The Government is Going to Hold a Consultation About Opt-Out Organ Donation

By Tom Pritchard on at

At the moment organ donation is based on an opt-in system with people signing to say that, yes, when they die they would like their body parts to be taken out and given to people that need desperately need them to survive. Now, though, ministers have announced that a consultation will be take place about introducing an opt-out system.

Such a system would mean that barring any absence of express permission, it would be presumed that an adult's organs can be used in transplants after they die. Wales has had a system like this in place since 2015, known as a soft optout, which also includes the option for families to object to organ donation after death. In June Scotland announced its intention to introduce a similar scheme known as presumed consent after it was found 82 per cent of people were in favour of it.

Following the announcement of the consultation in Theresa May's speech at the Conservative Party Conference yesterday, The Department of Health confirmed that there would be a 12-week consultation sometime later this year.

Apparently there are 6,500 people on the transplant list, and three people die every day because they're unable to get replacement organs. Personally I feel like an opt-out system is the way things should be done. Anyone with no real opinion on donating their organs isn't likely to opt-in in the first place, but with an opt-out system their organs can be put to good use after they die. People who have objections to their body parts being used in transplants are far more likely to make the effort and ensure it doesn't happen.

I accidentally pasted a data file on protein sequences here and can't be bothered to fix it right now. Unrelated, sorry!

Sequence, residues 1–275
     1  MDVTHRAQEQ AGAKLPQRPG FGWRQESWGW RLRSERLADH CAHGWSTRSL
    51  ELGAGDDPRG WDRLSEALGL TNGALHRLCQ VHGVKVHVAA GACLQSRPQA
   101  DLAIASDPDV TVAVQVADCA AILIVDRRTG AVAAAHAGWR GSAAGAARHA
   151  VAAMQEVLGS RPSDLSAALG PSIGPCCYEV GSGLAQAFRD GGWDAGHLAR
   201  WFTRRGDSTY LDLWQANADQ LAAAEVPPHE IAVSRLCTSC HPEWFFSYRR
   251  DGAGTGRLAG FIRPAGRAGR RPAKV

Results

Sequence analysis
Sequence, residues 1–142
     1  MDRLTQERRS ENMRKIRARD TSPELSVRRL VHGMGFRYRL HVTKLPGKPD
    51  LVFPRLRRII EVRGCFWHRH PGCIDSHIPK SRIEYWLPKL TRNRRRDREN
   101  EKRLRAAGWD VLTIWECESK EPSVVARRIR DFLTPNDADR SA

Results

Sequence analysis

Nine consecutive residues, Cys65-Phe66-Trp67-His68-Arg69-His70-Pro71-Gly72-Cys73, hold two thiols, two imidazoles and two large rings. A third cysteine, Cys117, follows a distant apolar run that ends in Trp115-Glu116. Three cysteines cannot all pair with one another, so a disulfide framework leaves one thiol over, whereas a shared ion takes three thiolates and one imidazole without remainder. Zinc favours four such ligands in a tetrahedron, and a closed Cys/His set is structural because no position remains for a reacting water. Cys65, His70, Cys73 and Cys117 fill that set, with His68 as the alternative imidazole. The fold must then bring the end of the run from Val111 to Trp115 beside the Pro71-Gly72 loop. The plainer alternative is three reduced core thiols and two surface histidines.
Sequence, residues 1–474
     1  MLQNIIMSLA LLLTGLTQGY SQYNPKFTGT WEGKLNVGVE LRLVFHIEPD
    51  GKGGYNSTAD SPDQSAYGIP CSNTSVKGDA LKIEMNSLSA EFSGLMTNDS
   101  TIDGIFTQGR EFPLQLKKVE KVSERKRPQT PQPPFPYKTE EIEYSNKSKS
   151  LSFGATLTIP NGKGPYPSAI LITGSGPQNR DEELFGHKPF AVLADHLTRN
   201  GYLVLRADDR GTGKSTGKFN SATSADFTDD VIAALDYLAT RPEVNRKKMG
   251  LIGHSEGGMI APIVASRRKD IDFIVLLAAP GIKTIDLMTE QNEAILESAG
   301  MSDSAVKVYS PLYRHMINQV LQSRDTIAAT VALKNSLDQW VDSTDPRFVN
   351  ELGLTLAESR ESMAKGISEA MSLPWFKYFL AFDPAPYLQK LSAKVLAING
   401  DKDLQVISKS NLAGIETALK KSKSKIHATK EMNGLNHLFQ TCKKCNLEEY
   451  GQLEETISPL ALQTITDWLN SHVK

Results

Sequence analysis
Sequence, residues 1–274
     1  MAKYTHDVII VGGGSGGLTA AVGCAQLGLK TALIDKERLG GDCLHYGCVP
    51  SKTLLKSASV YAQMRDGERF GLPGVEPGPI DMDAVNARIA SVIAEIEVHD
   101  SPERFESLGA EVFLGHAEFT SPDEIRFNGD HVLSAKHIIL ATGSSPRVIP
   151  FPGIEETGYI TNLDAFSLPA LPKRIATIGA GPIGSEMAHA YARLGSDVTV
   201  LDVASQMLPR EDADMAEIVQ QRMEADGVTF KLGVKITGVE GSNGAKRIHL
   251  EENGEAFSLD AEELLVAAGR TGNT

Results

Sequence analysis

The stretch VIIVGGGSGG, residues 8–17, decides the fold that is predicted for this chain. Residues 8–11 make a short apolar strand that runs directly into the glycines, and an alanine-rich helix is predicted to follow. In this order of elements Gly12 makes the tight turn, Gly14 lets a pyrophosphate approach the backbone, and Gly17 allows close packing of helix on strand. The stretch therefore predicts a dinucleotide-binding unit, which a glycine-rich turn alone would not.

The only concern I have is about the amount of control family members have when it comes to consent. According to the NHS since 2010 more than 500 families have rescinded consent, despite knowing that their deceased relative was a registered organ donor and wanted to donate their organs. While those numbers don't seem big, it does mean around 1,200 people missed out on a transplant they desperately needed. Frankly that doesn't seem right.

This consultation is definitely a step in the right direction, and hopefully it will lead to the introduction of an opt-out system that can help save more lives. In the meantime if you're not a registered organ donor, but would like to be, you can sign up here. It's a single form, and should only take a couple of minutes to fill out. [BBC News]

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